Hummee Hum Brahm Hum also has a lovely tune, which you can hear in this YouTube video.

2. Visualization. Two visualizations came to me during the months before the surgery.

a. One was visualizing my body turned into a flock of butterflies. Most of my body was black butterflies with blue markings. The cancer cells appeared as red and black butterflies. I picked them out of my butterfly body and asked them to fly elsewhere.

Closer to the surgery, the butterflies in the visualization all turned into bright blue butterflies with black markings (think Morpho butterflies). The red cancer butterflies were absent. I took this as a very good sign.

b. The second visualization that came to me was of a sphere, a ball I could either hold or put up around me. When faced with needles of any sort, I put my fear in the ball and bounced it away from me. Or if someone irritated or stressed me when I was at work or otherwise out and about in daily life, the sphere expanded to include all of me, as a shield against the irritation. This visualization of a sphere of power has come to me several times now; I think it will stay with me.

3. Affirmation. Each week, I took a couple of hours out of my weekend for contemplation. This is when I found the mantras and prayers I wanted to work with. I would usually do some gentle grounding yoga to get in touch with me inner strength: Warrior 1, Warrior 2, Tree Pose. Some breath work to calm me.

I also looked for the perfect affirmations for my healing. I will end with a page from my notebook of my favorite affirmations. The symbol at the bottom is the Sanskrit symbol for Hum.

Wednesday, August 7, 2013

Getting more active

I started taking walks in our neighborhood about 6 days after the surgery, 40+ minutes, once or twice a day. Getting some exercise did me a world of good; it was wonderful to be moving again. But I was still feeling fatigued in the late afternoon and would lie down for a few hours, maybe napping, usually just listening to a podcast.

A week after that, I remembered that there is a nice metropark just 15-20 minutes drive from where we live now. The weather was perfect: clear blue skies and unseasonably cool temperatures in the upper 60's.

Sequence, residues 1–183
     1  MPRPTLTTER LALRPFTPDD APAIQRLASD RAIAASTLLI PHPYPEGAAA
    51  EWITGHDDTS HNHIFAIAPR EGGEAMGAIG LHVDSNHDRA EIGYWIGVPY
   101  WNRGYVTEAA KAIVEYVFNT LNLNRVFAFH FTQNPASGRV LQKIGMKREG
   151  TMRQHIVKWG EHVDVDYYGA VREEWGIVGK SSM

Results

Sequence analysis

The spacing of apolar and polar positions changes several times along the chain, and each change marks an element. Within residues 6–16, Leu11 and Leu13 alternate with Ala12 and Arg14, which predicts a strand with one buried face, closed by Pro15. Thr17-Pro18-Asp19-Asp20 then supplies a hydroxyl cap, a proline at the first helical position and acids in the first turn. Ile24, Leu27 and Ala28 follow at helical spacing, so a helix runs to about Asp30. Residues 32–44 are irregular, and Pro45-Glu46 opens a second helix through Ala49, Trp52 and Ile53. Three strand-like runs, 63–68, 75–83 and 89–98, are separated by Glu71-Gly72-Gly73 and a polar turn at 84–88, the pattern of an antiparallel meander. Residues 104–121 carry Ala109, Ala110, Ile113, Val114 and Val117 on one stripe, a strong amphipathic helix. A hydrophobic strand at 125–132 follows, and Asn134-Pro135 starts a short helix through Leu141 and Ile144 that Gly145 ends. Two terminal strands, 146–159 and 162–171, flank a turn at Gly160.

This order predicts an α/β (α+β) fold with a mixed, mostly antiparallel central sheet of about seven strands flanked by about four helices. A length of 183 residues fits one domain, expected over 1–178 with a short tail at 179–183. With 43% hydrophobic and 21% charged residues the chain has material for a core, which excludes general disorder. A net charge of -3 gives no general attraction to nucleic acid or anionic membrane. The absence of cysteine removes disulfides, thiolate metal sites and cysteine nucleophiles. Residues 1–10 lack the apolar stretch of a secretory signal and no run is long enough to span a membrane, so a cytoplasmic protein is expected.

It. Was. Glorious!

I chose a 2.5 mile loop trail. I encountered a number of runners, mostly women, wearing their cute running outfits. There I was, in my button-down cotton blouse from the thrift store, purchased to wear while I'm recovering and not allowed to lift my arms over my head, and my hiking shorts that are a size too big because I've lost weight since I bought them, and I didn't care! I was all, I had breast surgery two weeks ago, and here I am hiking on a real trail in the woods, motherfuckers!

By the time I finished I was grinning ear to ear.

I walked there every day last week, with the exception of one day off for recovery. I pulled out my hiking boots, and started extending the length of my walks: 3 miles,  3.5 miles. I had forgotten just how much I love hiking. I love the solitude, and the exercise. And I love the sounds: wind rustling the leaves, my boots striking the ground, water sloshing in my water bottle.

Maybe it's the exercise, or all the sun I've been getting, or maybe it's just the healing process, but I no longer find myself tired in the afternoons. I'm able to get a few things done around the house. I have shopped for a cooked my breakfasts and lunches.

I was afraid I would be bored on disability, far from it.

One day last week, I made homemade deodorant, following a recipe I found online.

The following day, I hemmed a couple of pants. Not quite as interesting as making deodorant, but useful.

Disability is starting to feel more like a vacation. I'm not ready for it to end!